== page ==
Group work assumes that social interaction is essential for personal growth and development. Through interaction with others, individuals can gain new perspectives, learn from different experiences, and develop better social skills.
This assumption holds that many of the issues individuals face are normal reactions to life’s challenges. Group work aims to create a space where people can share their experiences and recognize that they are not alone in their struggles.
Social group work assumes that empowering individuals is a crucial goal. Group members are encouraged to take on active roles within the group and to make decisions that affect the group’s functioning. Empowerment is seen as a means to enhance individuals’ self-esteem and self-efficacy.
Social Systems Perspective
Group work often considers the broader social context and systems that impact individuals. Understanding how societal and environmental factors affect an individual’s well-being is an important aspect of social group work.
Equality and Inclusivity
Social group work is typically guided by principles of equality and inclusivity. It aims to create a safe and respectful environment where all group members have an equal voice and opportunities to participate.
This assumption recognizes that individuals go through various stages of development throughout their lives. Group work takes into account the developmental needs of group members and tailors interventions accordingly.
Problem-Solving and Goal-Oriented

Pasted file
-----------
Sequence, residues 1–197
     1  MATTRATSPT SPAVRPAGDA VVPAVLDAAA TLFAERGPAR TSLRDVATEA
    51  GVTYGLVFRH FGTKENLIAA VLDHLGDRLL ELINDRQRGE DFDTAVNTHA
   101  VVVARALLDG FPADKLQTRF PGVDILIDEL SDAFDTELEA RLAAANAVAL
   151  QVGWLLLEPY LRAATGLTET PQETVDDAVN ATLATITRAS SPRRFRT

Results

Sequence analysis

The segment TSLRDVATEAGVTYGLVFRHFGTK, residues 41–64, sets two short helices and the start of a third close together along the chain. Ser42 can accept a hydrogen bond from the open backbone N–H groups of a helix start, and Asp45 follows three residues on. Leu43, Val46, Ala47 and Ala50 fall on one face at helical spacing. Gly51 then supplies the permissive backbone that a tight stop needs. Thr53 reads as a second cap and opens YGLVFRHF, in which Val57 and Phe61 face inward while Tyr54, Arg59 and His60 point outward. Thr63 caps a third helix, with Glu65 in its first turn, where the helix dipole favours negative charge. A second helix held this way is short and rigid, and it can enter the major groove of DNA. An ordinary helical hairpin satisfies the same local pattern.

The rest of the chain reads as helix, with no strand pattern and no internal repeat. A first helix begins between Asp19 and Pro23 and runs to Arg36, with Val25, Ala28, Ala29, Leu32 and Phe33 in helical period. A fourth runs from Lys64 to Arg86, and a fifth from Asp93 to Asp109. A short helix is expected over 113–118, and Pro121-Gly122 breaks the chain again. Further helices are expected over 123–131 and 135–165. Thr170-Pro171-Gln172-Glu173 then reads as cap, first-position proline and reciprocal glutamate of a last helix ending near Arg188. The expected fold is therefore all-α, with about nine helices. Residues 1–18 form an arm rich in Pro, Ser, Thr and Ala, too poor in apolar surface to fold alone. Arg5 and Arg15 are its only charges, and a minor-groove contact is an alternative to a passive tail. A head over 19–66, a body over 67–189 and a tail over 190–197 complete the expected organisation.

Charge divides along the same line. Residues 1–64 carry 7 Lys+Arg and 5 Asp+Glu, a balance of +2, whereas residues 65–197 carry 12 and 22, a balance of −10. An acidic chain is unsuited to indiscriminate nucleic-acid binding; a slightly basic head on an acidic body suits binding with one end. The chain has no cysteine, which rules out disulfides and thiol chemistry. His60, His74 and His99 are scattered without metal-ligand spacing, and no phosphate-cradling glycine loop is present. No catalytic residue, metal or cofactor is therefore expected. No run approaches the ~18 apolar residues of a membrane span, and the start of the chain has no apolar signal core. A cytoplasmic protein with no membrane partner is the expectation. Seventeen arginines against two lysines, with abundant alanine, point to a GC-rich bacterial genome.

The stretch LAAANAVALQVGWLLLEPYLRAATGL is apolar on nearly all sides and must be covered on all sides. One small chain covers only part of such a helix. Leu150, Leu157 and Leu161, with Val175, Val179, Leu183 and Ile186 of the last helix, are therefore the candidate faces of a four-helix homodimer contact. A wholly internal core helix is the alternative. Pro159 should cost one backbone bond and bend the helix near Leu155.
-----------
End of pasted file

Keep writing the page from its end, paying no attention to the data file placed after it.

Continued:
Social group work assumes that groups can work together to identify problems and set goals for improvement. The group process often involves problem-solving techniques and action plans to address specific challenges.
Confidentiality is a fundamental assumption in group work. Group members trust that what is shared within the group remains confidential, which encourages open and honest communication.
Respect and Acceptance
Group work operates on the belief that all individuals should be treated with respect and acceptance, regardless of their background, beliefs, or circumstances. This fosters an atmosphere of trust within the group.
Social group work recognizes the importance of cultural sensitivity and competence. Practitioners should be aware of and respect cultural differences within the group, promoting a culturally inclusive approach.
Empathy and Compassion
Practitioners are expected to demonstrate empathy and compassion towards group members. These qualities help create a supportive and caring environment within the group.
These assumptions serve as a foundation for social group work practice, guiding the methods and strategies used to facilitate positive change and growth in individuals within a group context. Social group work can be applied in a variety of settings, including schools, community centers, mental health facilities, and rehabilitation programs, among others.